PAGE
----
Now Might be a Good Time to Replace Your Heating System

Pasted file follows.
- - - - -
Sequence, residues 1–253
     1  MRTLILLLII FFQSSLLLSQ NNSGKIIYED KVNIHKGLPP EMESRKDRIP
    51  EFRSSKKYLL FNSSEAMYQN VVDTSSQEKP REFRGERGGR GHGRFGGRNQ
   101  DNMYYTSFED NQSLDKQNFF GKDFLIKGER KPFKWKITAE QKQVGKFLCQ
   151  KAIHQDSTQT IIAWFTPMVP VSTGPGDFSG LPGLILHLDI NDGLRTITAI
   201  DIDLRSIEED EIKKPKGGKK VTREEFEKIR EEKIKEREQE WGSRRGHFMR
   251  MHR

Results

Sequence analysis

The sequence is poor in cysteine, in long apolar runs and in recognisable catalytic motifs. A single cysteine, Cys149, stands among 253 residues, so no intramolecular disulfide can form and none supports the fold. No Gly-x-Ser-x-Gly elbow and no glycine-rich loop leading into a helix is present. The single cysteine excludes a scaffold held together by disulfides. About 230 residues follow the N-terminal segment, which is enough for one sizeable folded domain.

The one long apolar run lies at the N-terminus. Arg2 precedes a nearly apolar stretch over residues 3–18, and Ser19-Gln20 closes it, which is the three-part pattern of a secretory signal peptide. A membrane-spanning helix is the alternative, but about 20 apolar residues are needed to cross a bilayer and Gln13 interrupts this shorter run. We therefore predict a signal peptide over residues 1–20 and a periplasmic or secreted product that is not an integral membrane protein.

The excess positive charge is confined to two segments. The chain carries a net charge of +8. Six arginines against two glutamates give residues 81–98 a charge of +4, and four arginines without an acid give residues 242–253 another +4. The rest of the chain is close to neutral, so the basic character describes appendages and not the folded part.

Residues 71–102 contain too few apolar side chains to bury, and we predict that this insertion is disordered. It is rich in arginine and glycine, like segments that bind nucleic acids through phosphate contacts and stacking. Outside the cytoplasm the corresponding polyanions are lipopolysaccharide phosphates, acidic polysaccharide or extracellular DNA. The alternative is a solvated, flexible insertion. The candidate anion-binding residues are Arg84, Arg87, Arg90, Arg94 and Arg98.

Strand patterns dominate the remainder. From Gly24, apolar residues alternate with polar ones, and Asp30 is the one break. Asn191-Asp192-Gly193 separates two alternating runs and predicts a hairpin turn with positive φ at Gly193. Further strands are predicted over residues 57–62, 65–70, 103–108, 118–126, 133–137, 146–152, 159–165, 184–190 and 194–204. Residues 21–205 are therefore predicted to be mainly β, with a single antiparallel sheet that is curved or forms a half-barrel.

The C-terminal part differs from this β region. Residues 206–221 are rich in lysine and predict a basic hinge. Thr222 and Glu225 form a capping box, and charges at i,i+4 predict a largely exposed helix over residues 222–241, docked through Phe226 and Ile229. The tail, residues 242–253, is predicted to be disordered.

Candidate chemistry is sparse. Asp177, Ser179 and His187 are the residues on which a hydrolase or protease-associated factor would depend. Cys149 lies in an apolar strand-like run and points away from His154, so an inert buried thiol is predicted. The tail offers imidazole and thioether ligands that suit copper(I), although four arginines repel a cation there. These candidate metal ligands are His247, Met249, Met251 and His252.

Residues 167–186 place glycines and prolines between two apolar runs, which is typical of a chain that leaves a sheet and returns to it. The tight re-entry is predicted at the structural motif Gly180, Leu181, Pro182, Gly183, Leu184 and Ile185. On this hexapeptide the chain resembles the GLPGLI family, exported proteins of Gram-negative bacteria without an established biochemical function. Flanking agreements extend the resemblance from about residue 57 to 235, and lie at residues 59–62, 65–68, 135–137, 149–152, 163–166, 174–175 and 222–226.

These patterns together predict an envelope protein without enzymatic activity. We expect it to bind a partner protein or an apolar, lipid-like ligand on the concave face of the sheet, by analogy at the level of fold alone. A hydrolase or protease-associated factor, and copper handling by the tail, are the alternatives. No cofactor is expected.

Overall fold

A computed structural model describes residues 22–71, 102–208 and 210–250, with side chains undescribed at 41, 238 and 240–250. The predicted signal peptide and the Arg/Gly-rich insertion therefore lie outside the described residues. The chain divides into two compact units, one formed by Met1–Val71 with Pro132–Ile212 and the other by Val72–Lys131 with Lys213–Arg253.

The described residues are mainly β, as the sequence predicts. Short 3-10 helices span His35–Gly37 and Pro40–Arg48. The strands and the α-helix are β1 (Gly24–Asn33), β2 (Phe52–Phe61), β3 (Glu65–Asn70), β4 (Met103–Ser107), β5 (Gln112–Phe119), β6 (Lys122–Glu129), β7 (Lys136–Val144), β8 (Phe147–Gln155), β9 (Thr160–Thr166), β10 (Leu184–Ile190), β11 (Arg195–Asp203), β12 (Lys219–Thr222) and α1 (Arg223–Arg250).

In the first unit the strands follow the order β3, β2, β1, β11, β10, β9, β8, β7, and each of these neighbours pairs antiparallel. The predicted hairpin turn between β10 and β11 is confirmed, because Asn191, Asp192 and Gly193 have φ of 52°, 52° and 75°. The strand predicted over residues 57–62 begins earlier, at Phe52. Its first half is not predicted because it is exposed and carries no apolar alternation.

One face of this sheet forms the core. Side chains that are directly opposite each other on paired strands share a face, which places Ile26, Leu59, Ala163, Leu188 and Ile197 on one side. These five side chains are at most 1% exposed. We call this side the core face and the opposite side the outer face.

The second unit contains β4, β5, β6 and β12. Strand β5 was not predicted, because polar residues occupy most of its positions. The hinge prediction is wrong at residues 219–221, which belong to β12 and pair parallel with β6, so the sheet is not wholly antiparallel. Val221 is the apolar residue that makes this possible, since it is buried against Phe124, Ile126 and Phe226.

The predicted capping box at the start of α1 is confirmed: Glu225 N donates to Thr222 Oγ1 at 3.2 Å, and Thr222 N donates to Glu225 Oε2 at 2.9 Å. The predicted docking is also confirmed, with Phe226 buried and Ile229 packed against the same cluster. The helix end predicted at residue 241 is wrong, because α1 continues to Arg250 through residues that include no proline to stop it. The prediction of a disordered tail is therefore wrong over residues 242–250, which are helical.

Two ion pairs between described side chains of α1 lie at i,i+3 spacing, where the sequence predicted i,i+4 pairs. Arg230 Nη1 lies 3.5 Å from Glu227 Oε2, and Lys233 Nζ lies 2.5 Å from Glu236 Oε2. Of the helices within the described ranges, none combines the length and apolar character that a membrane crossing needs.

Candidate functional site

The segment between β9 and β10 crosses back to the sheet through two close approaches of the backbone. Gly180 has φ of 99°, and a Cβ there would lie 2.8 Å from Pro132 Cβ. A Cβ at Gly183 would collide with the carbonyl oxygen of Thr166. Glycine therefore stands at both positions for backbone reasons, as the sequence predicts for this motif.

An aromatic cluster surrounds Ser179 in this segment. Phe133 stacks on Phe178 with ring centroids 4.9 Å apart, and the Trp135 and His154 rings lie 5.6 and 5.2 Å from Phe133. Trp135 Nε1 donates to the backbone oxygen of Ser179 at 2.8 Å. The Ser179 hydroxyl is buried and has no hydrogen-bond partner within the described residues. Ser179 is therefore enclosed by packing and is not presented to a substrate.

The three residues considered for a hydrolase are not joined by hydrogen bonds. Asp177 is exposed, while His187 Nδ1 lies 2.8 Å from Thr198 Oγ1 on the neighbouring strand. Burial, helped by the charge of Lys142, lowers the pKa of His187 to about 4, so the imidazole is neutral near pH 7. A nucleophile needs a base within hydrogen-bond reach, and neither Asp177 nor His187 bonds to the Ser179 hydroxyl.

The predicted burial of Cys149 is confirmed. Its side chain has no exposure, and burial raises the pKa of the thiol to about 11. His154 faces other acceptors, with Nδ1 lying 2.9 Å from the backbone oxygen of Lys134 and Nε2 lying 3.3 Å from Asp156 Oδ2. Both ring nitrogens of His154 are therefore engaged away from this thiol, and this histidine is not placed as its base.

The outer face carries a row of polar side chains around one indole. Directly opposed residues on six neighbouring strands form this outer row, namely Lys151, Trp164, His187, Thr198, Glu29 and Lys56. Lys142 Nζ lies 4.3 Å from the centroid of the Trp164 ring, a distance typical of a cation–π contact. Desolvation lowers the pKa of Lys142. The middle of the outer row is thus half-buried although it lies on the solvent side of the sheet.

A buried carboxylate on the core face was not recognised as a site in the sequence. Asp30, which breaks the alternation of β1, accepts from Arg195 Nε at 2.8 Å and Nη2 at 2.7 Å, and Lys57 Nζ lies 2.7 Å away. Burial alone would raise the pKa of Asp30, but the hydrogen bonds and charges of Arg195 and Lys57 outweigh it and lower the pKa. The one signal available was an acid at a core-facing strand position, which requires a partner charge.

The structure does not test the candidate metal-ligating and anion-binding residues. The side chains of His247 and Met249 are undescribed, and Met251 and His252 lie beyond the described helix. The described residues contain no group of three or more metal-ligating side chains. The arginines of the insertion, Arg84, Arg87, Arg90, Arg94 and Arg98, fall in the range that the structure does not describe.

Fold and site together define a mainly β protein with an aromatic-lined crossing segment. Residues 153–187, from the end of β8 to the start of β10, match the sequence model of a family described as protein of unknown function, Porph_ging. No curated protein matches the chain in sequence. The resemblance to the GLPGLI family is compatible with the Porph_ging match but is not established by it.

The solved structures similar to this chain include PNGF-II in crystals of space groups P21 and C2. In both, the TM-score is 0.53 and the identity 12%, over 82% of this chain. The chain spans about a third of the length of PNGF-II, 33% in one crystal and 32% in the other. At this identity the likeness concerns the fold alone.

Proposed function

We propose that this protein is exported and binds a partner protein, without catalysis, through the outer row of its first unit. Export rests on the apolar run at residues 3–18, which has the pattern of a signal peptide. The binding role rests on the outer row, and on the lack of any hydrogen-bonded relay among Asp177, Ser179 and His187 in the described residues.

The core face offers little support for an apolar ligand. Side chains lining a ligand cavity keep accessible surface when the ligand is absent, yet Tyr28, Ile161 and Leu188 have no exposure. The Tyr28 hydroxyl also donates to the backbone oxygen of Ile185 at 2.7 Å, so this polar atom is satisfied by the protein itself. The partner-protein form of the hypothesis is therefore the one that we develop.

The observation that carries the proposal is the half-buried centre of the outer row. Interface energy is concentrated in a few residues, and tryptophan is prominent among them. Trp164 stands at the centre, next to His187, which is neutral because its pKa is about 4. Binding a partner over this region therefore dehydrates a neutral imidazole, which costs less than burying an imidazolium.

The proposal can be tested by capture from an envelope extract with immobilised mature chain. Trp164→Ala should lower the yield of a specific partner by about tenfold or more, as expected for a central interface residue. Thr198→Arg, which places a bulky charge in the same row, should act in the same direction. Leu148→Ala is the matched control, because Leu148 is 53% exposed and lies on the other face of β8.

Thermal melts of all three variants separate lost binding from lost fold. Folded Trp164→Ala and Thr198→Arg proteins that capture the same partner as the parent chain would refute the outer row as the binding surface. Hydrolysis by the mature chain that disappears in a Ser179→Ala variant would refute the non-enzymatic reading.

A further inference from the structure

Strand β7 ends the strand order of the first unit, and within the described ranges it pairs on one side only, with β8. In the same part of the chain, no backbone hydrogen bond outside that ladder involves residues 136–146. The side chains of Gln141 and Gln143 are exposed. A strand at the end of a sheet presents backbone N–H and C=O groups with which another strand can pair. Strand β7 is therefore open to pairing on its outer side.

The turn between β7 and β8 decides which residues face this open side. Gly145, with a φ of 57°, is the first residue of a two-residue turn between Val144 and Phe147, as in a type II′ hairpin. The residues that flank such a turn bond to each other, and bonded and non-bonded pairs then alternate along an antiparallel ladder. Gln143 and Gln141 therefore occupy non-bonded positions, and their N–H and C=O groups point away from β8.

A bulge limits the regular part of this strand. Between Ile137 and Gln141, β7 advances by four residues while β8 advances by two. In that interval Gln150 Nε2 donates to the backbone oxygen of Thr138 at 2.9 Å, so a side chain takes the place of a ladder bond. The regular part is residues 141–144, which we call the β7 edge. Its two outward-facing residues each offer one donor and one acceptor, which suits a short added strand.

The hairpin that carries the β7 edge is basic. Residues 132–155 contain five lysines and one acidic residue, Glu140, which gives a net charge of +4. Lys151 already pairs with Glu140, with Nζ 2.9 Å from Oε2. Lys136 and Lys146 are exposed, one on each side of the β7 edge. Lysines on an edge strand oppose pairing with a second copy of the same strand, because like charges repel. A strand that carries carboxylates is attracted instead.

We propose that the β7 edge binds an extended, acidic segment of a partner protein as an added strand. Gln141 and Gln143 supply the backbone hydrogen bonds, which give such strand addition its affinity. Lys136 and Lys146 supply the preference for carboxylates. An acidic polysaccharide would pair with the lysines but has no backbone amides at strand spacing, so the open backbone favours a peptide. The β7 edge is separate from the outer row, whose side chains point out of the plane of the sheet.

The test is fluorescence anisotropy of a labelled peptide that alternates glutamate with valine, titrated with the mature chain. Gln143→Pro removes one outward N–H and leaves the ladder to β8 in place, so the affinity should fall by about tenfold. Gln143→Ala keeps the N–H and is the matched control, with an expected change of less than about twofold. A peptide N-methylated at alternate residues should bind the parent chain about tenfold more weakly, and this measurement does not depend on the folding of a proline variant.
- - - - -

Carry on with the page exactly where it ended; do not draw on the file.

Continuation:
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If your heating system is old and inefficient, now is a great time to replace it with a new, high-efficiency model. There are eight months remaining to take advantage of the 30% federal tax credit that's available for installing energy-efficient ga... Be aware that these are really stringent standards; not all manufacturers offer eligible products. Very few oil-fired boilers or furnaces meet the 90% AFUE threshold, and 95% is pretty rigorous for gas furnaces. Air-source heat pumps, must meet specific requirements for HSPF, EER, and SEER (all specific measures of energy performance). Standard (packaged) air-source heat pumps must achieve the following: HSPF at least 8.0, EER at least 12.0, and SEER at least 14.0. "Ductless mini-split" systems, which are growing rapidly in popularity, must achieve somewhat higher performance: HSPF at least 8.5, EER at least 12.5, and SEER at least 15.0. To earn the federal tax credit for one of these systems, the installation has to be completed by December 31, 2010. You have to use IRS Form 5695 and also provide a "Manufacturer's Certification Statement" certifying that the furnace, boiler, or heat pump qualifies for the tax credit. This statement should be available from the installer or manufacturer. This tax credit--unlike the solar and ground-source heat pump tax credits--only applies to a home that you own and that serves as your principal residence. The residence can be a house, mobile home, manufactured home, co-op apartment, or condominium. You cannot take advantage of this tax credit for heating system replacement on a second home or rental property. Tax credits are much better than deductions, because they directly reduce the taxes you are paying, rather than reducing your taxable income. If you are in a 25% tax bracket, for example, a $1,500 tax credit is comparable to a deduction of $6,000. Only one $1,500 tax credit can be earned for energy efficiency improvements, so if you already took advantage of this tax credit on your 2009 taxes, you are ineligible. While you will earn a tax credit, the real benefit from replacing an inefficient heating system with a new, more efficient one, will be the energy savings that result. If you're spending $2,000 per year on heat today using a gas furnace with a 78% AFUE efficiency, and you replace it with a 95% AFUE model, you should save about $360/year on fuel (calculated using BuildingGreen's Fuel Cost Calculator ). If the cost of the new furnace was $5,000 ($3,500 after the tax credit), the simple "return on investment" is 10.3%--not a bad return, compared with what you would earn with that money sitting in the bank! The bottom line: if your current heating system is getting old or is inefficient, this summer is a great time to replace it. Contact your heating contractor and/or other suppliers about eligible products. A great resource for information on both federal and state incentives for efficiency and renewable energy is the Database of State Incentives for Renewables and Efficiency (DSIRE) . I invite you to share comments on this blog. Alex Wilson is the executive editor of Environmental Building News and founder of BuildingGreen, LLC. To keep up with his latest articles and musings, you can sign up for his Twitter feeds . Image: The York Affinity YP9C gas furnace features a modulating burner and variable-speed drive, both of which contribute to the industry-leading 98% AFUE performance. Source: York/Johnson Controls.